October 21 2014 Latest news:
Thursday, January 23, 2014
Major players in London’s food and drink market are said to be setting their sights on West Hampstead becoming the capital’s “new Marylebone High Street”.
High-end restaurant operators and business owners are being lured by an increasingly affluent and young population, and believe that the area could be home to London’s next trendy and vibrant high street.
This is all according to David Moore, one of the UK’s best-known restaurateurs and the man behind Michelin star restaurants Pied à Terre in Fitzrovia and L’Autre Pied in Marylebone.
Joining forces with Sean Martin, another of London’s high-end restaurant operators, he is set to open a new venture in West End Lane, West Hampstead.
Taking over the building occupied by Me Love Sushi, Mr Moore says his latest venture, called 160 Degrees Fahrenheit, an American smokehouse style restaurant, will bring the “sexiness of Soho to West Hampstead”.
“We looked all over London but West Hampstead felt right,” he said. “It’s an increasingly affluent area with a young demographic – and I can tell you many operators are keeping a very keen eye on it.
“It reminds be of what Marylebone High Street used to be around 20 years ago.
“The arrival of Waitrose is a big indicator – when one opened in Marylebone High Street, that’s when it started to change things around, and now one is set to open in West End Lane. I see the same thing happening.”
With 15 beers on tap and a menu offering 60 bottled craft beers, the new business hopes to allow West Hampstead food lovers to “feel like they’re in the West End without having to leave West Hampstead”.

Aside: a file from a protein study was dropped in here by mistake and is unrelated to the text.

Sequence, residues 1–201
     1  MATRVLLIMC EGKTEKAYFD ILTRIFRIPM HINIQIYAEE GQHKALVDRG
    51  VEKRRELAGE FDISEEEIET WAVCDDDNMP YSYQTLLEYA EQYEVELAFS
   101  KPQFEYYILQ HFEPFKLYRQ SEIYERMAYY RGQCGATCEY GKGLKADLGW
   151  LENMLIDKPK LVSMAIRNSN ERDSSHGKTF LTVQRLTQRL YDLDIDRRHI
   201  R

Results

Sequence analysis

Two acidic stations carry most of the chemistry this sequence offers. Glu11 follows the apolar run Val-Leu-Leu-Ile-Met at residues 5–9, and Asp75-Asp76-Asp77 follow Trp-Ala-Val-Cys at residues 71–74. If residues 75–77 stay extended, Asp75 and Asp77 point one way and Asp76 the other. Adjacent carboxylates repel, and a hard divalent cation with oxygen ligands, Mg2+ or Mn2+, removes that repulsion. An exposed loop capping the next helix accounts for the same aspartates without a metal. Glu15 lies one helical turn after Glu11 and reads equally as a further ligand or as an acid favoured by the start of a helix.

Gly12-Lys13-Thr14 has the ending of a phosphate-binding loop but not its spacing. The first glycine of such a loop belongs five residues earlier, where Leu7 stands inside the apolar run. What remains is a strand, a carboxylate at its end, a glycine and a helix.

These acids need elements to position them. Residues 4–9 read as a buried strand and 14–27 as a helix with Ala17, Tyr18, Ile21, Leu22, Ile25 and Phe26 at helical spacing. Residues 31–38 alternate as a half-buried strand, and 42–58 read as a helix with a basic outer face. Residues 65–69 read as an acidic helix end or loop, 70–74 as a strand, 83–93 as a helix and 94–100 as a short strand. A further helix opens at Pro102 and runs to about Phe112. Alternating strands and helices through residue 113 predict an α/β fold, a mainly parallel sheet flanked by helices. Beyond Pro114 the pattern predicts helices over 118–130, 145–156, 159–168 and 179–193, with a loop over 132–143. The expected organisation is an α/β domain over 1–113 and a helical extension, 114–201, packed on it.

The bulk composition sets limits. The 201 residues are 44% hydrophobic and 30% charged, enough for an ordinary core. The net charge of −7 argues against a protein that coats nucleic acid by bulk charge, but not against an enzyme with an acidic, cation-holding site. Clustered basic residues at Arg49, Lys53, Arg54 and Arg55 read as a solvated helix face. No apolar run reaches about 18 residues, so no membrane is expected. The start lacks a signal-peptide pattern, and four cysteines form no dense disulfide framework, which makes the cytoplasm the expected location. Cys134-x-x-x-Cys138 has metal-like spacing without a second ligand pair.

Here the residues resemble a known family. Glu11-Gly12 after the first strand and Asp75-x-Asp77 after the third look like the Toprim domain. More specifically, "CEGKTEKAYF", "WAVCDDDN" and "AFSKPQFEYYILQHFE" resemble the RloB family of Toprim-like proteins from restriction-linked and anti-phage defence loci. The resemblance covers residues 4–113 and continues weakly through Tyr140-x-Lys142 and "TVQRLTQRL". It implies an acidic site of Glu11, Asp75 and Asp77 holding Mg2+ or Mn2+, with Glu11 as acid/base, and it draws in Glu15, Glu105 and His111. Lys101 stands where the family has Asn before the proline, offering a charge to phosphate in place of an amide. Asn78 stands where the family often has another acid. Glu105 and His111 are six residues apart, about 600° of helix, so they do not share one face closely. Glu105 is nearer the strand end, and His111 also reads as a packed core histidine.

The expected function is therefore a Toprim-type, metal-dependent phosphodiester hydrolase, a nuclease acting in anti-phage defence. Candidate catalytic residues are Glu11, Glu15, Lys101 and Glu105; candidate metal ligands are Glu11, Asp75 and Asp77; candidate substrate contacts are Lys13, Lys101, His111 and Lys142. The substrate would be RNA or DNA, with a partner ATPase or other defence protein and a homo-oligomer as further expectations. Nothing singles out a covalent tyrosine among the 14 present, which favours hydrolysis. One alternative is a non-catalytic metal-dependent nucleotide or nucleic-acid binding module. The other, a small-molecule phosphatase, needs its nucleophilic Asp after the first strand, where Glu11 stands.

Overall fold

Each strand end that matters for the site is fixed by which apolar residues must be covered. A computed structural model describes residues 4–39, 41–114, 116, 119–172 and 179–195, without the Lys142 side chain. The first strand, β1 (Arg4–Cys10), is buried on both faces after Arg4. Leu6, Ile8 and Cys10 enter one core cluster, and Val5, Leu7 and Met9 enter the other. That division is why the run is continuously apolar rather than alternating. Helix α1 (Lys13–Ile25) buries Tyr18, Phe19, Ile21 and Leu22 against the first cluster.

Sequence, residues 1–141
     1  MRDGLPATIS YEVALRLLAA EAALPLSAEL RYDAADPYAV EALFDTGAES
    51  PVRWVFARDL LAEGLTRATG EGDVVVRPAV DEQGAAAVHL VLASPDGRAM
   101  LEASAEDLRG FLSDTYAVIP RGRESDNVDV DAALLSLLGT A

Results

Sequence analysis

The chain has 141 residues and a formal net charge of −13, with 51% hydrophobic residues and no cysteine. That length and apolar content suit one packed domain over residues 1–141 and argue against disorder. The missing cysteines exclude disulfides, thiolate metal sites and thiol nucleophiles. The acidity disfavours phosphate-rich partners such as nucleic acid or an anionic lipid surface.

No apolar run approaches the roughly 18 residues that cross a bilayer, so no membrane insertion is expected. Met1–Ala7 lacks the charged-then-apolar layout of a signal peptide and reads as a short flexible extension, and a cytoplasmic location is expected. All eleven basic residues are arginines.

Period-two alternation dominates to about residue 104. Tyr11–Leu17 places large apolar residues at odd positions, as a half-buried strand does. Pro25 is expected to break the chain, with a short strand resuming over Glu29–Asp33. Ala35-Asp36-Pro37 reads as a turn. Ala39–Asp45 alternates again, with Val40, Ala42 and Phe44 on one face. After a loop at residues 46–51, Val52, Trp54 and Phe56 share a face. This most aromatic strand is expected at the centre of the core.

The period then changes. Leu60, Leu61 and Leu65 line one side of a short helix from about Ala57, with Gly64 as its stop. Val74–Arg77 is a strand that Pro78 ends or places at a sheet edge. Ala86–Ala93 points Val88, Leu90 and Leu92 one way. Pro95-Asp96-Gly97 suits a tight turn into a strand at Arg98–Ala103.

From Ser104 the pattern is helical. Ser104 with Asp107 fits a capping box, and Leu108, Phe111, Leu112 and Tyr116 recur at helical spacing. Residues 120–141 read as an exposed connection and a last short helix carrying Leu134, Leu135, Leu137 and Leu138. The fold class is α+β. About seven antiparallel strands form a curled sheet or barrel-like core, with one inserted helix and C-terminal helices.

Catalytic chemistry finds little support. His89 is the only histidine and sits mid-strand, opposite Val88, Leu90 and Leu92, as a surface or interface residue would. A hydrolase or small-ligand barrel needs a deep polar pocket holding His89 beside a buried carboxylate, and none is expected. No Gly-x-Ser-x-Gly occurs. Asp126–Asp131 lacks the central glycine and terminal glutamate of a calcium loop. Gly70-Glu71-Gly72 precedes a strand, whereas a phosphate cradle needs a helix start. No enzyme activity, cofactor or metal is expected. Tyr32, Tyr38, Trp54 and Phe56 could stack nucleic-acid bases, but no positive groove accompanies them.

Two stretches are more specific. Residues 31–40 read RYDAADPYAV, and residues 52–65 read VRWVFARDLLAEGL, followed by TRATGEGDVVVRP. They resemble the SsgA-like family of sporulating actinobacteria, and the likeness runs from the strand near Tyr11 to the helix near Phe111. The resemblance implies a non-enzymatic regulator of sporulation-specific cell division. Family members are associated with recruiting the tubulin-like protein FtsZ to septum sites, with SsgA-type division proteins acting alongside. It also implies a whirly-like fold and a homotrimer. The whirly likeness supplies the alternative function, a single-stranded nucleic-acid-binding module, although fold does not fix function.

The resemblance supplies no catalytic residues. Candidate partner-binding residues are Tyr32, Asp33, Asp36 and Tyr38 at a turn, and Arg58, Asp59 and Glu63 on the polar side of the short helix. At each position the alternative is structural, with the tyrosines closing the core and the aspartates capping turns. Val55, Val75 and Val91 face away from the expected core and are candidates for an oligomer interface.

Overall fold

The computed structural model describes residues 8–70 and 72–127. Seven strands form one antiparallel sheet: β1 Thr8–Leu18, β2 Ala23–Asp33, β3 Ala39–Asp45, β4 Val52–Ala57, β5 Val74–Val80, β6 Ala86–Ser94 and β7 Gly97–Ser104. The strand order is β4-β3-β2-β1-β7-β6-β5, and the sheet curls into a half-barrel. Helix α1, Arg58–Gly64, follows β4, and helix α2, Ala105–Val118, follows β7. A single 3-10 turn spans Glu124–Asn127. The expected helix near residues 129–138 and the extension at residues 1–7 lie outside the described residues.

Acclaimed chef Andrei Lesment has been brought on board, the man behind Verru in Marylebone Lane and a favourite of Times critic and former West Hampstead resident Giles Coren.
Jonathan Turton, committee member for the newly relaunched West Hampstead Business Association, said the move demonstrated the area was no longer “up and coming” but had arrived.
“It’s a refreshing move,” he said. “I’d rather we’d be known as the first West End Lane than the next Marylebone High Street, but I think the fact that it’s not yet another hairdresser or pizza place means it could be welcomed by residents.
“People here value independent businesses, so the fact that’s it’s not a chain is a bonus.
“All signs point to West Hampstead becoming an increasingly affluent area and although this venture feels like a gamble, if it’s successful it really could be the spark for more high-end businesses arriving.”